Murphy visited Cork in 1816. His stated motivation for his new career as an educational publisher was a long-time awareness of the disadvantages of catholic children in obtaining a catholic education, in particular the limitations of the available schoolbooks: lessons were ‘interspersed with aspersions on their religion … in order to malign and excite a spirit of contempt for the religion of their fathers’ (‘Memorial of John Murphy’, 417). Murphy’s proposed remedy was to publish a series of elementary texts, the purpose of the enterprise encapsulated in its title: Complete system of catholic education. His associate in launching the project was John England (qv), a Cork diocesan priest, well-known for his political activism in the campaign for catholic emancipation and a kindred spirit as regards their views on education. Providing his services without charge, England wrote spelling and reading primers for the series, published in Cork in late 1816. Murphy’s Complete system was the first series of elementary school texts produced specifically for catholic school children in Britain or Ireland. England’s Reading book, which was composed of short pieces on natural history, religion, social duties and history, went through four editions.
Murphy retained a London publishing address but for several years maintained a presence in Dublin at 19 Lower Ormond Quay, as a publisher and bookseller. He had a close association with the printer and bookseller J. J. Nolan, who was agent for Murphy’s work in Ireland from at least 1819. His son Benedict continued the business on Murphy’s return to London in about 1825. Benedict’s work included printing material for Daniel O’Connell’s (qv) Catholic Association, but he was declared an insolvent debtor in Dublin in 1826.
A firm opponent of bible reading without note or comment, in 1820 Murphy published the successful Evangelical life of our lord and saviour Jesus Christ, forming a harmony in four gospels, printed by Nolan. It was a compilation of extracts from the catholic church-approved version of the bible, along with lengthy notes culled from catholic commentaries. Murphy engaged in prolonged jousting with the government-sponsored Society for the Promotion of Education of the Poor in Ireland, better known as the Kildare Place Society, accusing them of bad faith and proselytising. Attempts to have some of his works sponsored by that body and later by the National System of Education were unsuccessful.
Sponsored by the Irish bishops and by the religious teaching orders, his school textbooks had a wide distribution in Ireland into the 1830s. In 1826 the relationship between Murphy and the Christian Brothers was formalised, after which he was designated ‘printer to the Brothers of the Christian Schools’ on the title pages of several of his productions. The Brothers, however, had few schools in Ireland during Murphy’s lifetime; the support of the catholic bishops would have been more important. His sales were limited by the poverty of the catholic schools and of their students and by competition from state subsidised textbooks. His last production was the fourth edition of England’s Reading book in 1832, his most successful work. Financially stretched by his production of ambitious works on history and geography, Murphy had to request financial aid from the Irish bishops in the years before he died.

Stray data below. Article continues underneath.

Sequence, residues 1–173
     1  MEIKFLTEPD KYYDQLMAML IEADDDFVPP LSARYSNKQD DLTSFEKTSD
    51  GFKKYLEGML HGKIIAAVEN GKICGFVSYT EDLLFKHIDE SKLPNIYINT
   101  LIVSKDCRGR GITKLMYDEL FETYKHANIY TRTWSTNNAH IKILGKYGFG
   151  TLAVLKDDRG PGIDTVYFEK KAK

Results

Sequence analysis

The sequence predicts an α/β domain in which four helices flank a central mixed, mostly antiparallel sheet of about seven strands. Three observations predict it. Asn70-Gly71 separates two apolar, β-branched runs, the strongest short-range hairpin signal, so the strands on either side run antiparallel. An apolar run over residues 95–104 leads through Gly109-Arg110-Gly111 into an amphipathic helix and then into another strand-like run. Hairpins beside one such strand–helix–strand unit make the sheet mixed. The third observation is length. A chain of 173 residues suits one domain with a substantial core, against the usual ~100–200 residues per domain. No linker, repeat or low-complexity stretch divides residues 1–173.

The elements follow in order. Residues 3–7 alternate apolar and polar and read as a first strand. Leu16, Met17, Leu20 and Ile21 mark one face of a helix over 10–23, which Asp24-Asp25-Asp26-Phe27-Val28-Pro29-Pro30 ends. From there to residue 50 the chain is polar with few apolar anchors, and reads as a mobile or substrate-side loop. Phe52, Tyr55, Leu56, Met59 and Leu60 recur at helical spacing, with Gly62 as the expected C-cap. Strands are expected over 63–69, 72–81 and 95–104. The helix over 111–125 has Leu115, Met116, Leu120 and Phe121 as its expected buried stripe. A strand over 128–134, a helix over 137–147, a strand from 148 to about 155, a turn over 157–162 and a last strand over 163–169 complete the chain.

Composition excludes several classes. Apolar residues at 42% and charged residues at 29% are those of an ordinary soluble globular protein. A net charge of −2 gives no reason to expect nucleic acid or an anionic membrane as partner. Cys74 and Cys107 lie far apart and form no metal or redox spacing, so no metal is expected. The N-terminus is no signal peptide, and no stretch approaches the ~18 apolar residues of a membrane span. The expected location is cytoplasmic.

A devout catholic and a fervent emancipationist, he was socially and politically conservative, continuing in the eighteenth-century vein of catholics seeking redress by deferential requests for amelioration in their condition as a reward for loyalty, obedience and service rendered. Soon after coming to England, he took the 1774 oath of allegiance, pledging allegiance to George III and disavowing the Stuart pretenders. This oath was accepted grudgingly, if at all, by most Irish catholics, but Murphy took it willingly.
He is known to have had seven sons, three of whom died at a young age between 1818 and 1825. His eldest, Thomas, a coal merchant in London, was politically active and known as Daniel O’Connell’s coal man; he was later a prominent Chartist. John Murphy predeceased his wife, dying aged seventy-seven years on 14 December 1832 in the Polygon, Somers Town in London. His publishing business was not continued after his death.